Neighbors told us there was noise through the night. It was still happening when we left the house in the morning and would continue throughout the day. The police had closed the roads to Isaweea, and were most likely going through their routine of pressing informants to lead them to those who had burned the gas station. It did not pass without opposition, tear gas, stun grenades, and a circling police helicopter.

We had slept through the main event.

This was 200 meters from our bedroom. It reminded me of being posted by the IDF lecture corp somewhere in Lebanon, and waking up one morning to hear that there had been action, with casualties, 50 meters from my sleeping bag.

While some worry about the onset of Intifada III, the Palestinian leaderships of the West Bank and Gaza are speaking toward one another more like enemies than colleagues.

It takes more than our available skills to know what Mahmoud Abbas is demanding. His agenda changes with the day and sometimes with the hour. It has included bringing Israel to the International Criminal Court on war crimes, demanding the removal of all settlements within three years (which sounds like it includes French Hill), then saying that the 1967 lines will only be the starting point of negotiations. His assertions that Hamas was responsible for a national tragedy in Gaza may get in the way of bringing Israel to trial for war crimes.

George Mitchell may be positioning himself to manage another effort to bring Israelis and Palestinians together for a two-state solution. A series of articles has been well crafted with the history of the conflict, the problems that have prevented agreement, and the dangers faced by both Israelis and Palestinians from the status quo.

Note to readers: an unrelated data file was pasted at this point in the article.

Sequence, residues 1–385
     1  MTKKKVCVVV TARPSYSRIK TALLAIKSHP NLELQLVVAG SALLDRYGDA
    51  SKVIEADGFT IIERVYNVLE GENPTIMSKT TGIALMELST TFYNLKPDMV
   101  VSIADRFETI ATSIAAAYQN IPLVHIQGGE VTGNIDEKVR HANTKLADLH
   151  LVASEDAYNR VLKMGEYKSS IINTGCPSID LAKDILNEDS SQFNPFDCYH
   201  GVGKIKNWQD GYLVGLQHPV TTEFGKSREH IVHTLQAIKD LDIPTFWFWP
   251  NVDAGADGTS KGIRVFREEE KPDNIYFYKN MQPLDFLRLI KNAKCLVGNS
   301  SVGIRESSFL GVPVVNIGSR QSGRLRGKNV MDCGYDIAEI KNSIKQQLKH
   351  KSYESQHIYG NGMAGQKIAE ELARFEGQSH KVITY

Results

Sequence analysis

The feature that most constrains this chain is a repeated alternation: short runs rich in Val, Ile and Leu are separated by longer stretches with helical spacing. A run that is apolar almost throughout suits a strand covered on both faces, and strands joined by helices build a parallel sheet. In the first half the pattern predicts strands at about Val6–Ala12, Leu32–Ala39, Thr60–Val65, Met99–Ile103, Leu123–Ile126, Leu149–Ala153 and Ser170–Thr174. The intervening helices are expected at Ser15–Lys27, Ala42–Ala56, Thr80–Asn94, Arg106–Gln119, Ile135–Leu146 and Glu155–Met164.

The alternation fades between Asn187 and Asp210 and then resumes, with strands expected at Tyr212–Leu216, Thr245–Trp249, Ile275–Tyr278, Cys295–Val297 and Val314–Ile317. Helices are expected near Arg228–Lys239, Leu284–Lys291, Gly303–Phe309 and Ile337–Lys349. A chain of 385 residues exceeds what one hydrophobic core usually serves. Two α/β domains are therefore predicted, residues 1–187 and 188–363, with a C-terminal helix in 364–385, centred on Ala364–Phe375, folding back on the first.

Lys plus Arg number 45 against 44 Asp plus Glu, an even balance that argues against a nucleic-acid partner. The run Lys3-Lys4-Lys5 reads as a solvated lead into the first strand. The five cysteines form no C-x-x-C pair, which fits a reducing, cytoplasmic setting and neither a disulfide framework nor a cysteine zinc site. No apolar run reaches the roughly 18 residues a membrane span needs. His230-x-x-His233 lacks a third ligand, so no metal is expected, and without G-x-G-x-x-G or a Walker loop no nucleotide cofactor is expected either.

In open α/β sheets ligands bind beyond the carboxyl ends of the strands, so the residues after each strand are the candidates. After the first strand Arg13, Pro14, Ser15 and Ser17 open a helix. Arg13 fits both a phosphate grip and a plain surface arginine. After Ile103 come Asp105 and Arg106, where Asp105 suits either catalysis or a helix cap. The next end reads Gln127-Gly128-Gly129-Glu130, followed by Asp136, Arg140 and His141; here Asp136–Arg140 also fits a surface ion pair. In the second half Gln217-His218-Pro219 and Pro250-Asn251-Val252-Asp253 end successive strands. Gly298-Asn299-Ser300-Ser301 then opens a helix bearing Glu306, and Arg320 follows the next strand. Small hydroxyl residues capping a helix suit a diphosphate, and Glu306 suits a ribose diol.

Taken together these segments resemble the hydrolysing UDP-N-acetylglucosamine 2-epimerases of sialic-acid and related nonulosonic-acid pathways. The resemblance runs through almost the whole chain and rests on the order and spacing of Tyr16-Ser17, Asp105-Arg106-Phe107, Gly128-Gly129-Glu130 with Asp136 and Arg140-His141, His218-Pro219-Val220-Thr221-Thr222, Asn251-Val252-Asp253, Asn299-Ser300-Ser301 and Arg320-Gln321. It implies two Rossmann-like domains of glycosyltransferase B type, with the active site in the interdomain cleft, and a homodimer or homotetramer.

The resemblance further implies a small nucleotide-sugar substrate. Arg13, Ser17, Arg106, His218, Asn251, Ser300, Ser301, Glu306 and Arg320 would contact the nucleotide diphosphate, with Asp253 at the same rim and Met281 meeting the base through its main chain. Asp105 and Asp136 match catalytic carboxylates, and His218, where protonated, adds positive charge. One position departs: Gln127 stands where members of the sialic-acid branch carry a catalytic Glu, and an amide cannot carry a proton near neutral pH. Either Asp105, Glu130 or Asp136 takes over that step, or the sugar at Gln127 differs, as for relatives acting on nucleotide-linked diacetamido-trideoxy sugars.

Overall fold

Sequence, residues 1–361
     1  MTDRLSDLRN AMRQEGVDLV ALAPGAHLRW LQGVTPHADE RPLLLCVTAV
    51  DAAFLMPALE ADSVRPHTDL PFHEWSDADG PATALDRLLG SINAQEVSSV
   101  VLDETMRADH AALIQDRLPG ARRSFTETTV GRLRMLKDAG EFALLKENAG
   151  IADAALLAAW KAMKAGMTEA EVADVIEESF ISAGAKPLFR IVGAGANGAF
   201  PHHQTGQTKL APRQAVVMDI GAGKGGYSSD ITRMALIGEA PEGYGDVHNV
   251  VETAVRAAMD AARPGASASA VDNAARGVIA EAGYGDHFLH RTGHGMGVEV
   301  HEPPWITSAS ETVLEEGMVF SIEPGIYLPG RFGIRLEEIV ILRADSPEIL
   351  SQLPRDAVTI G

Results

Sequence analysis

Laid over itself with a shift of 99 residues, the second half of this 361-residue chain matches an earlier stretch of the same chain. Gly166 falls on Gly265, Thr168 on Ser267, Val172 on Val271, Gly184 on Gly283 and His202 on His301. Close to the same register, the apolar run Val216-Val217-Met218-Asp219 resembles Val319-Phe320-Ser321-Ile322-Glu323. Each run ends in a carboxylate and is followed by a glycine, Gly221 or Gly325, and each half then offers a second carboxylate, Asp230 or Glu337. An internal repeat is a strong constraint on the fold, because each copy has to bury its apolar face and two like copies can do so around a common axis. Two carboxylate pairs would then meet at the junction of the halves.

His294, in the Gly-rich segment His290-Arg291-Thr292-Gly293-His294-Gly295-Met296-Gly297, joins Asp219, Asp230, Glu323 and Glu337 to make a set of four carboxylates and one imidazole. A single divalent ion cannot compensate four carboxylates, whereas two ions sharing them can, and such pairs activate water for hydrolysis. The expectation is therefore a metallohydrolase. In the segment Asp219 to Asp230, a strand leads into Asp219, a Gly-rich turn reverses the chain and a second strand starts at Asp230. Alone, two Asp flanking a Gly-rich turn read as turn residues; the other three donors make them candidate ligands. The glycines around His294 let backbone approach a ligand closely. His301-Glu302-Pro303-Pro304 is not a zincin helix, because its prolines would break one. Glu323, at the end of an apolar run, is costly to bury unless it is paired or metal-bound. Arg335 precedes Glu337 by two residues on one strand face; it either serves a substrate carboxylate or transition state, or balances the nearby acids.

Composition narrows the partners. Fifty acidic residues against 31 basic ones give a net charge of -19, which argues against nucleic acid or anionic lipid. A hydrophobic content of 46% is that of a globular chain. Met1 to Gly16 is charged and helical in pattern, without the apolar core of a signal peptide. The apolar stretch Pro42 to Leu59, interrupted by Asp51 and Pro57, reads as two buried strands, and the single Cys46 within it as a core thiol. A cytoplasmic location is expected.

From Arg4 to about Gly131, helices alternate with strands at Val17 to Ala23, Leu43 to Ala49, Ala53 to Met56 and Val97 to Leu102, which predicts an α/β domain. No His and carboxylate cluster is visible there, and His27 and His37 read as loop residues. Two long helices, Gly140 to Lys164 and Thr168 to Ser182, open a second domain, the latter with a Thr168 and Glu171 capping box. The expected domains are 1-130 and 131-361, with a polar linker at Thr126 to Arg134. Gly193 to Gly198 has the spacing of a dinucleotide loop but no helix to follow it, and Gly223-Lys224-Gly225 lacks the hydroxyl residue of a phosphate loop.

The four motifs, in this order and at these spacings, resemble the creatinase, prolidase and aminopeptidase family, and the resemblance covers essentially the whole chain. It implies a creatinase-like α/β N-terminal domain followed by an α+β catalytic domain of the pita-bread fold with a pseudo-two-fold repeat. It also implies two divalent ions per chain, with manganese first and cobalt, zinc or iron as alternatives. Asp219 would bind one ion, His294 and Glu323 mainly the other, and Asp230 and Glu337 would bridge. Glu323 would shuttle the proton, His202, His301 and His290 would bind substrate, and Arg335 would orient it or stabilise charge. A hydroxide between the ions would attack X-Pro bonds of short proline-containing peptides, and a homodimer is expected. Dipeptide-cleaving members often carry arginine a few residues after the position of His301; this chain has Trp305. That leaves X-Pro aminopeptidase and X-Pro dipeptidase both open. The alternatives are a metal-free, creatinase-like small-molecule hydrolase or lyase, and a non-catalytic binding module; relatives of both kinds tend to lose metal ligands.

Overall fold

We know all that.

Mitchell's own background leads him to cite the Northern Ireland as an example of the good that can occur after years of bloodshed. He acknowledges the differences, but he does not mention Islam.

Among Mitchell's problems are the President and Secretary of State who will have to enable and support any renewal of a peace mission. Both Barack Obama and John Kerry have become targets of ridicule by leading Israeli commentators, as well as by equivalents in Egypt and Saudi Arabia. That does not bode well for another American initiative for this part of the Middle East.

Mitchell's headline is "US the only power that can push for peace: America's prosperity and world dominance will extend into the future."

Reading through Mitchell's three long articles, it appears that he is sure that the United States needs to assure its position as world leader, but does not indicate how it must be done.

Palestinian sources have reported that President Sisi is willing to cede a chunk of the Sinai alongside Gaza to help with the creation of a Palestinian state. If the reports are true--and there have been Egyptian denials as well as substantial doubts by Israeli commentators that Egypt would depart from its refusal to give up an inch of its territory to help the Palestinians or the Israelis--the idea would join Mitchell's writing in a century of interesting material.

Diaspora Jews continue to tussle about who is responsible for the Israel-Palestine impasse. J Street and Peace Now, along with Martin Indyk, and the New York Times blame Israeli leaders for not being honest or forthcoming in negotiations. Among those making the point of chronic Palestinian rejectionism is a film entitled The J street Challenge, which has provoked its own round of praise and reservations.

No surprise that Israelis are quarreling about the aftermath of Gaza. Politicians have said that Hamas is already at work digging tunnels, crafting missiles, and smuggling munitions from Egypt via as yet undiscovered tunnels. Military analysts say they have no such information.